Cognitive Characteristics of Young Assistance dog puppies
In 2017, Canine Companions teamed up with long-time collaborators at the University of Arizona and Duke University to begin tracking puppy cognitive development, starting at approximately nine weeks of age and continuing through adulthood, in a subset of our canine population.
Recently, we published our initial findings summarizing the cognitive abilities of young puppies in the journal Animal Behaviour. These results are based on a large sample of 168 Canine Companions puppies from 65 different litters, tested at approximately nine weeks of age. All puppies participated in a series of 14 games that were designed to measure both cognition and temperament. Throughout all behavioral games, puppies were rewarded with food, praise, or a combination of both. Testing took place over a series of three days at the Canine Early Development Center, prior to the puppies being sent to their volunteer puppy raisers.
The resulting data contributes to our understanding of the early development of canine cognition. As a group, puppies performed above chance expectations on tasks which evaluate abilities such as gesture following, memory, and perceptual discrimination. Even at such a young age, puppies could reliably follow a human pointing to find hidden food, remember the location of an out-of-sight kibble for up to 20 seconds, and discriminate between two options based solely on vision, hearing, or sense of smell.
Most past studies in young puppies have focused on temperament traits, such as reactivity to novel objects and surprising situations. While these characteristics were also assessed, this study by Canine Companions, University of Arizona and Duke University is unique in that it furthers our knowledge of puppy cognition in several previously unexplored areas – including paw preference, impulse control, memory and more.
Adult dogs are able to follow human social cues, such as pointing gestures. If young puppies that spend most of their time with littermates possess this skill, it would mean that this ability is present even before extensive interaction with humans. Our study, the largest sample size to date, shows that puppies do have this innate ability – puppies followed the pointing gesture 70% of the time, which is much higher than if they were just guessing. Additionally, there was a high degree of success on the very first trial. But aren’t they just using their nose? Not according to this study! Without the gestures, puppies only found the food 49.5% of the time – exactly what you’d expect if they were just guessing. Taken together, these findings suggest that, through the process of domestication, dogs are biologically prepared for communication with humans.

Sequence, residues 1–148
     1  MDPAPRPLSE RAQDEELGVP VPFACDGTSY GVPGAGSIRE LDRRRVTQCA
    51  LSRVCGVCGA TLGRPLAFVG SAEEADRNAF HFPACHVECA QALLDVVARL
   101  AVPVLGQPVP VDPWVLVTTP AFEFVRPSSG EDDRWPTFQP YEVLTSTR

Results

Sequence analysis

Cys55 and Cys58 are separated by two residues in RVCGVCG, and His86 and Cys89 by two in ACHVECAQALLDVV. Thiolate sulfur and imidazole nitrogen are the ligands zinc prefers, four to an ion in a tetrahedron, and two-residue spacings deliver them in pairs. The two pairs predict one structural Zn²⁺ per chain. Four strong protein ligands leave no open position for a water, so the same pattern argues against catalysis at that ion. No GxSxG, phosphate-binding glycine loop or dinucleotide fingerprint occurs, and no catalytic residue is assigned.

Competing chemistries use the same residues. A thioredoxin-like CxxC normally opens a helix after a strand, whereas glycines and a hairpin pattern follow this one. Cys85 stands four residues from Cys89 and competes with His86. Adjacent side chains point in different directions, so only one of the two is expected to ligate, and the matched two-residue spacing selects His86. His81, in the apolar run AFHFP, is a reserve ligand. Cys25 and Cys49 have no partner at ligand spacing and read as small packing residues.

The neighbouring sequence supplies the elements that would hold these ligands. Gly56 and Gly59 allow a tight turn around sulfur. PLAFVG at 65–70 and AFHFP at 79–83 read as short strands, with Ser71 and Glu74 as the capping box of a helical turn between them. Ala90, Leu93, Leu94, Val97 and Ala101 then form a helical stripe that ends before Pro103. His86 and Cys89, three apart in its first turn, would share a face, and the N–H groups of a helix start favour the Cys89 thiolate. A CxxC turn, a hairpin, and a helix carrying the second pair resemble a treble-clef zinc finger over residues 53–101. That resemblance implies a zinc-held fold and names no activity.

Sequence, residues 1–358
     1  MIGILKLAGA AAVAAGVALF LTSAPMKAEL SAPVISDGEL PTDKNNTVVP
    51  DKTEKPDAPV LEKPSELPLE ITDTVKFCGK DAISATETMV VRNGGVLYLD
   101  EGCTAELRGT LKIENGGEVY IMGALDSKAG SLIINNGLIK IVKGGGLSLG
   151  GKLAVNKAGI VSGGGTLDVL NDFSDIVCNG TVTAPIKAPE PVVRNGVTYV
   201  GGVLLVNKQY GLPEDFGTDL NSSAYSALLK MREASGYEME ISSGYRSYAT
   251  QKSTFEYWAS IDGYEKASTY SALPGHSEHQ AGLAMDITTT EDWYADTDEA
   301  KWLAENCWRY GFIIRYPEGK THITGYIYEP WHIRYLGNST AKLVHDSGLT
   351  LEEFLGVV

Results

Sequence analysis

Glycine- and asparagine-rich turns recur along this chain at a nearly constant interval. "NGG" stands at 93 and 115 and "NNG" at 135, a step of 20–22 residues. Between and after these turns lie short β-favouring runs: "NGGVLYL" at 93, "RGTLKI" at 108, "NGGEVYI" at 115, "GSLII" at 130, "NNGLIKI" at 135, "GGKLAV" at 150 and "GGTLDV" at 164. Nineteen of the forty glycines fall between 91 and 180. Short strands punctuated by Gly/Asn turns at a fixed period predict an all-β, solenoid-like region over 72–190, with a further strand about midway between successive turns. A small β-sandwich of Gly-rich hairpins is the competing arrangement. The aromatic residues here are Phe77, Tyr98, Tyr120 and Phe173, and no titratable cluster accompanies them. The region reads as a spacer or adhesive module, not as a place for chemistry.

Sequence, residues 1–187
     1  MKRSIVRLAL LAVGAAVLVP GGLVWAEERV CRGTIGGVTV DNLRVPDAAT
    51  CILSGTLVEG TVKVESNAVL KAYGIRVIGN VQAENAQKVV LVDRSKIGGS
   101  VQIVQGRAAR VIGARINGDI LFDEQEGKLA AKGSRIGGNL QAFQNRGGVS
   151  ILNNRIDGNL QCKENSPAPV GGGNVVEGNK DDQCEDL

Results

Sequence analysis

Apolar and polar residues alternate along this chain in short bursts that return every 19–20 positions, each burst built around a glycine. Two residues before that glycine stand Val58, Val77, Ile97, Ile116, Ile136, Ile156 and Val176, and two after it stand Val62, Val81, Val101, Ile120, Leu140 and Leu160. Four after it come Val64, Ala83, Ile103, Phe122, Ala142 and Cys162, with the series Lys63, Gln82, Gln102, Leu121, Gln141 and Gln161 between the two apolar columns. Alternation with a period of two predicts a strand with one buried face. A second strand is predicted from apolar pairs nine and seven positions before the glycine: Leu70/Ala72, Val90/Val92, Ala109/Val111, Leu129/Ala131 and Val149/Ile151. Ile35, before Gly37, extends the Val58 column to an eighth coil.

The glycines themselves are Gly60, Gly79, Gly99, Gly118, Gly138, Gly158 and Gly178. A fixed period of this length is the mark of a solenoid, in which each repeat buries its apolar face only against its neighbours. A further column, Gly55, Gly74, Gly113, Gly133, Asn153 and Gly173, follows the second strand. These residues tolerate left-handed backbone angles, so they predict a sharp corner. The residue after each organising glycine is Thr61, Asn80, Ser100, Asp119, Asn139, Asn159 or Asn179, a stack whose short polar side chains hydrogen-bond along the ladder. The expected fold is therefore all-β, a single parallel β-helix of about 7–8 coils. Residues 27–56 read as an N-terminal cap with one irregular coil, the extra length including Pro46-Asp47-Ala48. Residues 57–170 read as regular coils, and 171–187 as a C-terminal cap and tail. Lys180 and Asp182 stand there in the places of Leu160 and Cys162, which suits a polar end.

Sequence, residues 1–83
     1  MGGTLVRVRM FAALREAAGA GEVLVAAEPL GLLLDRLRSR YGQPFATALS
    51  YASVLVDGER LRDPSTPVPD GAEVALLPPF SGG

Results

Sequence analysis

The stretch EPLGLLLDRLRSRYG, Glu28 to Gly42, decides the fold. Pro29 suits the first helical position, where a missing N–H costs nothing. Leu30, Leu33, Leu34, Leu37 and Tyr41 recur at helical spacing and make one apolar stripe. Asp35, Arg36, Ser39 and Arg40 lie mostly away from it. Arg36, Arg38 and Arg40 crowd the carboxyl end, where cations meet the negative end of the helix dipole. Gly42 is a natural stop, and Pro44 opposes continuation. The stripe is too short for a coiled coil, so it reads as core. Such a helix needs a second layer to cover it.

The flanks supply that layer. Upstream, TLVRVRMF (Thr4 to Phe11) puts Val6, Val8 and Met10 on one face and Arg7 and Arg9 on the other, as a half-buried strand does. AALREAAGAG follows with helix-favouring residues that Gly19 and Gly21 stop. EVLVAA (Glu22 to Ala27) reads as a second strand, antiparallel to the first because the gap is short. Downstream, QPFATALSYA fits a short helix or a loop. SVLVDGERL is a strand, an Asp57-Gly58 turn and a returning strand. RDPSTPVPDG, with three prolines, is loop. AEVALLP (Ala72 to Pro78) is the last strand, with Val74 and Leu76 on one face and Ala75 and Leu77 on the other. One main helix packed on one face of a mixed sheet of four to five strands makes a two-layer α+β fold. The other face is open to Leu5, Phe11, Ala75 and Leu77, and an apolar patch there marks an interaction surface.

This investigation of puppy cognition is just the first step in a larger, longitudinal project. Stay tuned to hear about how these traits develop into adulthood, if individual differences stay stable over time, how much of the variation that we see in these skills can be attributed to genetics, and whether or not performance on these tasks is associated with outcomes in the Canine Companions program. We are hopeful that as we start to answer these questions, the takeaways from our research will help us to optimize the process of producing successful working partnerships, thereby continuing to move the needle forward for our mission and continuing to provide exceptional dogs for people with disabilities.
Learn more about research at Canine Companions by visiting cci.org/research.